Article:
Wednesday, June 04, 2008

Immune Attack and The Dream of Engaged Learning

There is a new software program created by the Federation of American Scientists called Immune Attack. It is designed to supplement the education that happens in the classroom. The program is free for anyone to use but it was specifically designed complement or add value to the classroom experience.

For those school districts that have current 2008 school books, computers and an engaged qualified staff this is a win, win situation. Those kids will do well. But I feel sad. Don't get me wrong. The program is well designed and a lot of thought went into making this an effective teaching support program.

It is just that, well. I think it is an invisible reminder of the digital divide. There are students here in the Los Angeles area that do not have any text books or they have outdated text books in their classes. Yes, high school classes. Even middle school classes don't have the proper books or equipment to run this program. The computer lab might be jammed into a library with two out of ten machines working. The governor has said he will make major deep cuts into education to balance the budget.

No child left behind. No child moving forward either. And student are bored out of their skulls. Wait, you should see this video:

I have limited faith that education happens in school districts no matter the education, economic or social backgrounds of the folks running the system. Not in school systems anyway. Oh, you should know that this is an ingrained highly personal bias of mine. I can grump about this into the midnight hour.

So lets turn my negative into a positive. If I could dream up the perfect system what would it look like? Well, I'd start by recognizing that this is the 21st century. We can take bits that worked in the prior century but here is what I would do:

I'd make sure that there were proper assessment to the child's ability to learn before he or she would step foot in class. Yes, My school would know about the allergies, the HDD, Dyslexia, behavior problems and gifted kids and my school we'd build a curriculum around that child's needs, not crowbar the kid around our limited vision of what we think the child needs to learn. Radical, huh?

Bonnie Bracey Sutton over at the Society for Information Technology and Teacher Education (SITE) blog has a full detailed post on what it would take to engage media soaked students. Here is an excerpt:

Engage: Project-Based Learning Students go beyond the textbook to study complex topics based on real-world issues, such as the water quality in their communities or the history of their town, analyzing information from multiple sources, including the Internet and interviews with experts.

Project-based classwork is more demanding than traditional book based instruction, where students may just memorize facts from a single source.

Instead students utilize original documents and data, mastering principles covered in traditional courses but learning them in more meaningful ways. Projects can last weeks; multiple projects can cover entire courses. Student work is presented to audiences beyond the teacher, including parents and community groups.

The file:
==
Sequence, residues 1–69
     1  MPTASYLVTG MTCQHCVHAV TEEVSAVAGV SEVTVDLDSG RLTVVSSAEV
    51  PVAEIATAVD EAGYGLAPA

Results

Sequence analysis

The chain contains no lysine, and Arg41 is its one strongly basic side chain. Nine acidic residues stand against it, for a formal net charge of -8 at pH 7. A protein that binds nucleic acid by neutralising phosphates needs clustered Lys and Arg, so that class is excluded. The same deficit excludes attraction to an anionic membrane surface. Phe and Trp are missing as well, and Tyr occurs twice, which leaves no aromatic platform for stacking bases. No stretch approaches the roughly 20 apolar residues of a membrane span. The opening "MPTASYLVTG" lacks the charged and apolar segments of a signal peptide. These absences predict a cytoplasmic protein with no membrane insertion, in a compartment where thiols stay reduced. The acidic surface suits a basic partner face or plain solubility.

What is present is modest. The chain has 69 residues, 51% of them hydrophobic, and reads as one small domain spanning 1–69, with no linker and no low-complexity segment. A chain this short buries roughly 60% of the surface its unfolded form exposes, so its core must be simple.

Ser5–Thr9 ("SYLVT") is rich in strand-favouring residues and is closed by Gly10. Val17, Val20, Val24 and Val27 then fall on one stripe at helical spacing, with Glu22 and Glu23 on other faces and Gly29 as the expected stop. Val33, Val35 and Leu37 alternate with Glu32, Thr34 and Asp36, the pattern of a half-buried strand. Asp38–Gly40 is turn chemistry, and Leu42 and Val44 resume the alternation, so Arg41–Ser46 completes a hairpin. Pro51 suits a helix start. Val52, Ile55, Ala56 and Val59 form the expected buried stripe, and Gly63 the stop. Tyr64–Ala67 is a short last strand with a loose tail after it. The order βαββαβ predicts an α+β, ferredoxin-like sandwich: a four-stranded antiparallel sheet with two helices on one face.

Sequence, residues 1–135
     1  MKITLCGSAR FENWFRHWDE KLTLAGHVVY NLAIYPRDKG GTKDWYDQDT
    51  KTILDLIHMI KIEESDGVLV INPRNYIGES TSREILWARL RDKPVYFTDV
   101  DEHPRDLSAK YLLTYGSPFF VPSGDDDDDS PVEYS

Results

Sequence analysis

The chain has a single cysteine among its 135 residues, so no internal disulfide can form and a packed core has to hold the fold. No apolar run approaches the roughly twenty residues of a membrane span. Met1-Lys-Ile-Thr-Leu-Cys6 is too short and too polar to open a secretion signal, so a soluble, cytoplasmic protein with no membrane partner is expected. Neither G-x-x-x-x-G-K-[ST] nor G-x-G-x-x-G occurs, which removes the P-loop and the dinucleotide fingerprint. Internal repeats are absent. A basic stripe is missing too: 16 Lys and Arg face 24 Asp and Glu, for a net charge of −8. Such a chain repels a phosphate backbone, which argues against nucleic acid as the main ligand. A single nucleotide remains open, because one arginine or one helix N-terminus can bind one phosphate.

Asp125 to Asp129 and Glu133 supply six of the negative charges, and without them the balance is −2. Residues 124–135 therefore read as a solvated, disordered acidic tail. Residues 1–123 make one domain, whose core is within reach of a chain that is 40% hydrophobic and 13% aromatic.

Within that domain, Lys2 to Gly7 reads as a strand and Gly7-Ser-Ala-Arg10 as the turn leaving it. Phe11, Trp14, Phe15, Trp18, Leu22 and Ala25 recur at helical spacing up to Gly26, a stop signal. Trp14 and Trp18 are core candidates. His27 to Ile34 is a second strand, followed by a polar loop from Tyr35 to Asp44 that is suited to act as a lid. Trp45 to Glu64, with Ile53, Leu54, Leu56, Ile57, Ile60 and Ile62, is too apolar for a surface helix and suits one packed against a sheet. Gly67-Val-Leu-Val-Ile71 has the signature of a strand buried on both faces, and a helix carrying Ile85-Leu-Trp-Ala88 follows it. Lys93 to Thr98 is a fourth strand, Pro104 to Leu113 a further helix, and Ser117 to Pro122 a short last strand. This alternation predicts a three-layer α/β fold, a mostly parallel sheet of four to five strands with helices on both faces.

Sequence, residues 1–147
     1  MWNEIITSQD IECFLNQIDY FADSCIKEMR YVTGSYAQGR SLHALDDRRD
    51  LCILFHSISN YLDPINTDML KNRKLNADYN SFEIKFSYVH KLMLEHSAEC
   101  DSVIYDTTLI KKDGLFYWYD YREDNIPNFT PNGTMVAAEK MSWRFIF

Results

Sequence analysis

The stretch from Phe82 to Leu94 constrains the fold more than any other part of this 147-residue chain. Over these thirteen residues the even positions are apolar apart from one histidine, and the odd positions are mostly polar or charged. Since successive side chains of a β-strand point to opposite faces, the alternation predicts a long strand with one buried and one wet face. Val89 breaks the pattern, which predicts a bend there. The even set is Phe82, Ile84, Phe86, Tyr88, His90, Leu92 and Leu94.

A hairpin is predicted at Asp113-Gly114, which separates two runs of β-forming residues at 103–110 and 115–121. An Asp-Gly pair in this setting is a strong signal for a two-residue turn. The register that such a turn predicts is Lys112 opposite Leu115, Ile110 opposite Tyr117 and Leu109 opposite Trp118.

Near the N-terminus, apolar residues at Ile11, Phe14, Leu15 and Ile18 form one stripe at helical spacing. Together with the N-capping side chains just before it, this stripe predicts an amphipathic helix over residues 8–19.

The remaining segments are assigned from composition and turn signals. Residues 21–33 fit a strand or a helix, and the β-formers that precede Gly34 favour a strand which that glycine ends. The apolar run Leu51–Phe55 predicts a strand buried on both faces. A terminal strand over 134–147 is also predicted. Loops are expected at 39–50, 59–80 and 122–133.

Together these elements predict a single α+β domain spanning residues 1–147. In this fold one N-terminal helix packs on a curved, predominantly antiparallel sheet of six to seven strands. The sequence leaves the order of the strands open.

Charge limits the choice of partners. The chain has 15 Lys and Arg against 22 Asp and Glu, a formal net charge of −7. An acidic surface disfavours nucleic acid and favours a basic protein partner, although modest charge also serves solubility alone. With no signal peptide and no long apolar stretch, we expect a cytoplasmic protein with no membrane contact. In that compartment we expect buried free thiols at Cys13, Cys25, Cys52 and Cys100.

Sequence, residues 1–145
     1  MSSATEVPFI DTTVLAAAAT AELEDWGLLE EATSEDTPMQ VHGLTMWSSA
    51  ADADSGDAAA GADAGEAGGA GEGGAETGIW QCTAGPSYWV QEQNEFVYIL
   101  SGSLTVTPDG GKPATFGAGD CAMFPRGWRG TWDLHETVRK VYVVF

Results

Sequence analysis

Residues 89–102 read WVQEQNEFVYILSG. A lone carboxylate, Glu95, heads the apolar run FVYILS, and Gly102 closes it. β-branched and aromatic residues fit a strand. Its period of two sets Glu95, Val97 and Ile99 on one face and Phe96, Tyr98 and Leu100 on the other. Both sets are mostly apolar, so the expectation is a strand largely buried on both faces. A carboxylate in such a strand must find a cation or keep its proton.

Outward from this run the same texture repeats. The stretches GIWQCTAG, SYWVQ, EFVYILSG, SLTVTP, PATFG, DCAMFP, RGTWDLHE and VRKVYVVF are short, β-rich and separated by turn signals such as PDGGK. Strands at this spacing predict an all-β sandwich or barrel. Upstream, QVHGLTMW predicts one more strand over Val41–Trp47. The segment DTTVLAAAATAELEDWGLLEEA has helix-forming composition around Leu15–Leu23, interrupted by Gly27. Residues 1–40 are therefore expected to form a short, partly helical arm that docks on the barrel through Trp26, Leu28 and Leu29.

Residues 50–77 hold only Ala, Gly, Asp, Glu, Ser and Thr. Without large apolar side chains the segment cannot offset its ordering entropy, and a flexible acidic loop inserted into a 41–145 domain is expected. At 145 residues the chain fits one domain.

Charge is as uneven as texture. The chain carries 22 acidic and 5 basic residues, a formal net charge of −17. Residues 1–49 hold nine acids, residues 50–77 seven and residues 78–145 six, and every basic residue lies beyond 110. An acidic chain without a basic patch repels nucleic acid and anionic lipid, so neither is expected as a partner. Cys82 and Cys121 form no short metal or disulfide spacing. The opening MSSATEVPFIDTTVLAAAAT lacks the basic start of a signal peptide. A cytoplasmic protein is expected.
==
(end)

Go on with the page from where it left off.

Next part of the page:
Yes, you still teach vocabulary and math but you connect those skills with a purpose or a definable outcome. Some of the time in the classroom and part of the time in the field or community. And speaking of vocabulary I'd have my staff, administrators and those that sign the check recite Angela Maiers 26 Keys to Student Engagement

Joy: Children are learning machines and have untold hours of play and joy... until... they are "educated" - educated to behave otherwise. If we want a better class of thinkers and innovators -- people with explosive curiosity and creativity, we need to bring FUN back into our classrooms. We need giggles and laughter, enthusiasm and excitement. School can become a place remembered for the love of learning, if for no other reason than it feels joyous!

I'd start building awareness to career options starting around the fourth or fifth grade. I'd show videos like this one from Cisco Systems so that there would be a generation of boys and girls that knew this career was possible:

Academic or vocational it wouldn't matter. Plumber, Chef, Boxer I'd let my students know about any option that they could dream or think to create for themselves.

Well, the good news is that I'm not the only one dreaming of a better, enriched school experience. I don't think it is impossible. There is a place for traditional studies in a enlightened school. But what if we could get it right this time? What if we realized it isn't just throwing money at school administrators but recognizing that a viable school experience would make the community profitable? Secure.

If you do it right you'd have to drag the kids home. So these are just some ideas. What do you see in your dream school?

Other Resources:

Kim Cofino at Always Learning has a great post about having students create podcast tutorials to help younger students read.

The Active Learning Blog Carnival has a tremendous amount of links on books, ideas for motivation, and what other folks are doing to make their dream schools happen.

This article was also posted at BlogHer

1 comment:

  1. Gena,
    This? Is an amazing post, and one of the reasons that I homeschool. NOT because I don't love schools, I just think they are putting the focus on the wrong things right now. I plan to link to you tomorrow (today?) when I write my Friday wrap-up post full of links (all the best content of the week). VERY well said, and I loved reading your thoughts.

    Thanks for posting on my Blogher piece about going to the conference. I hope I can meet you there!